Brutalism is not brutal. At the very beginning of a behind-the-scenes tour of the Southbank, I was embarrassed to discover my understanding of the architectural term has always been wrong, a comprehension apparently shared by much of the population. In fact, the great tragedy of Brutalism was the adoption of precisely that name for a set of architectural principles born of Modernism.
The term has been misunderstood since inception as referring to a ‘brutal’ effect on the eye of the beholder or the ‘brutalising’ impact on its residents. Little could be further from the truth. The term is actually derived from the French béton brut meaning literally ‘raw concrete’ as well as the Art Brut or ‘raw art’ of those such as Jean Dubuffet. Pure, natural and honest would probably have been more in the mind of the creators of the term at that time.
Inspired by Le Corbusier, concrete was considered the solution for new models for housing – especially social housing, but therein lay part of the problem. It became associated not just with cheapness but also with poverty – a link reinforced by Films like A Clockwork Orange which provided a dystopian view of the future set in modern urban landscapes.
I was also a tad embarrassed at my misunderstanding of the architecture of the complex. Always clubbed together as ‘The South Bank‘ I’d considered it all ‘Brutalist’, but our National Trust guide had immediately pointed out the strongly differing styles.
The Royal Festival Hall, built in 1951 for the Festival of Britain, is a curving white building built in Scandinavian Modern Style whilst the contrasting Queen Elizabeth Hall, and Hayward Gallery were built much later, in 1967/8, in cast and poured concrete.
We were here on a preview of one of a series of tours taking place in some of Britain’s most iconic Brutalist Buildings – other tour locations include Sheffield’s Park Hill Estate and the University of East Anglia in Norwich as well as on a Routemaster London bus. The National Trust is aiming to shine a light on the significance of Brutalism and no doubt also help raise the final funds required in a two year restoration of the Hayward, Purcell, and QEH that starts this month.
We were led on a fascinating tour in to spaces never-before seen by the public, shuffling through long underground tunnels, peering onto stages, ducking into ventilation rooms, all the while being expertly coached in the roles of form and function in the vision, construction and reception of these iconic buildings. There were tubes, control panels and ducts a-plenty whilst glimpses in to changing rooms, backstage areas, and green rooms also afforded a performers perspective.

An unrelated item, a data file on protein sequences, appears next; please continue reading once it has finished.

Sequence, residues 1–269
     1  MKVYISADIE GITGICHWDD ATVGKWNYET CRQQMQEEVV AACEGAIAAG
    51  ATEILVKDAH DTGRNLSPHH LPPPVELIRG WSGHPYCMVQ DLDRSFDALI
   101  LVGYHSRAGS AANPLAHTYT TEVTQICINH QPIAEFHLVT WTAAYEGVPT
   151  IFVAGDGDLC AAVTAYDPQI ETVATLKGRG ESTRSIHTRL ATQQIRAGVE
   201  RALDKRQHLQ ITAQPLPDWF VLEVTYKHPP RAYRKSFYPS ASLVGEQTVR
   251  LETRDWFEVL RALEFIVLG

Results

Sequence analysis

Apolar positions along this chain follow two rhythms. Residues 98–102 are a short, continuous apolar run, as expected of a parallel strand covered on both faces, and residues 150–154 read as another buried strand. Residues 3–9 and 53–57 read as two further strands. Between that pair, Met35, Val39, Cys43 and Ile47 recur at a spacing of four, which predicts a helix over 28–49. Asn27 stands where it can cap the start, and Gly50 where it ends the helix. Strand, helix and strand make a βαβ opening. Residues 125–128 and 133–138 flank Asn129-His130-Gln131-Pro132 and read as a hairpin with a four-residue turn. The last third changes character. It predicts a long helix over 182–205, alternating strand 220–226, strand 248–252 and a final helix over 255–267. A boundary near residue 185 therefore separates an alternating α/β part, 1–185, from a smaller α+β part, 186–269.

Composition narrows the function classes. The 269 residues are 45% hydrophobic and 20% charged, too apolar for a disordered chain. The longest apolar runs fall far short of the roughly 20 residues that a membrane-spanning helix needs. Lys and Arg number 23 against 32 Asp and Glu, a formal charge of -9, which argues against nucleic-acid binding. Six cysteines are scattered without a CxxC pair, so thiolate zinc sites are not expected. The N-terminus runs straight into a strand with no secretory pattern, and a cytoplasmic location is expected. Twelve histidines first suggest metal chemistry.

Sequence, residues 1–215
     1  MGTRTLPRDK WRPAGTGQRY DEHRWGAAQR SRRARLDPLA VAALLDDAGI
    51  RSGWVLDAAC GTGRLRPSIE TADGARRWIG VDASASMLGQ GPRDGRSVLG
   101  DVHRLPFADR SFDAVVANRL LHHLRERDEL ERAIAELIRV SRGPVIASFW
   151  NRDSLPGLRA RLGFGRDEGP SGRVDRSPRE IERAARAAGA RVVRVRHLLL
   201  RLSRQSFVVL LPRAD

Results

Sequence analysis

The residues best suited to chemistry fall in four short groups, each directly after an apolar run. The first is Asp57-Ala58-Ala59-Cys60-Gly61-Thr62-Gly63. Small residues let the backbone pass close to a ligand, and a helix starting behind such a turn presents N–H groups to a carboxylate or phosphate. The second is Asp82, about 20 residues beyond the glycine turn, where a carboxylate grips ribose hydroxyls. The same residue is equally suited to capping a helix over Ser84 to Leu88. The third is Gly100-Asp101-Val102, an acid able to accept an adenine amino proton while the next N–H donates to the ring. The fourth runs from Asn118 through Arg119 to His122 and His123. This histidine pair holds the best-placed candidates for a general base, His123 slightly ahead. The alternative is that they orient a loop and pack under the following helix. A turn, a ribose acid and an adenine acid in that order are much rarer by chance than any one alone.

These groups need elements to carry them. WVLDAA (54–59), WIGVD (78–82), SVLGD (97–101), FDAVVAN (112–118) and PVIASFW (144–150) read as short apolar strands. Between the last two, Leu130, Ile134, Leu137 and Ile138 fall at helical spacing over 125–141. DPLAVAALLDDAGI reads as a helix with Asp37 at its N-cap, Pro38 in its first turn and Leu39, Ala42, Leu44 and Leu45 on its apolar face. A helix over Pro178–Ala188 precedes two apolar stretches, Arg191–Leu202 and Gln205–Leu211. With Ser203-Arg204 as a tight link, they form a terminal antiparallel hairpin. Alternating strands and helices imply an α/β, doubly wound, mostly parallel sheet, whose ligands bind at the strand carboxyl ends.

Concrete itself was a frequent topic. At the time considered the ultimate for advanced buildings, it was a very high quality material, and with the extreme care taken in construction at the South Bank, these were buildings that represented one of the high points in its use. Cast, poured or mixed with straw, it was even finished like Japanese woodblock prints with a carefully textured wood-grain finish from three different types of wood.
It is clear that the legacy of Brutalism is currently undergoing a critical reappraisal. Heroic and controversial at its outset, it was initially largely dismissed as an unsightly imposition, whilst today its austere aesthetic is widely appreciated.
The National Trust’s Brutal Utopias seeks to foster this debate and engage the public with these buildings which, like them or not, now thankfully an essential part of our national architectural heritage.
Tours take place at the three locations between Friday 25th September – Sunday 4th October 2015 and can be booked at www. nationaltrust.org.uk
For further information on events at the Southbank visit www.southbankcentre.co.uk
Images by CELLOPHANELAND*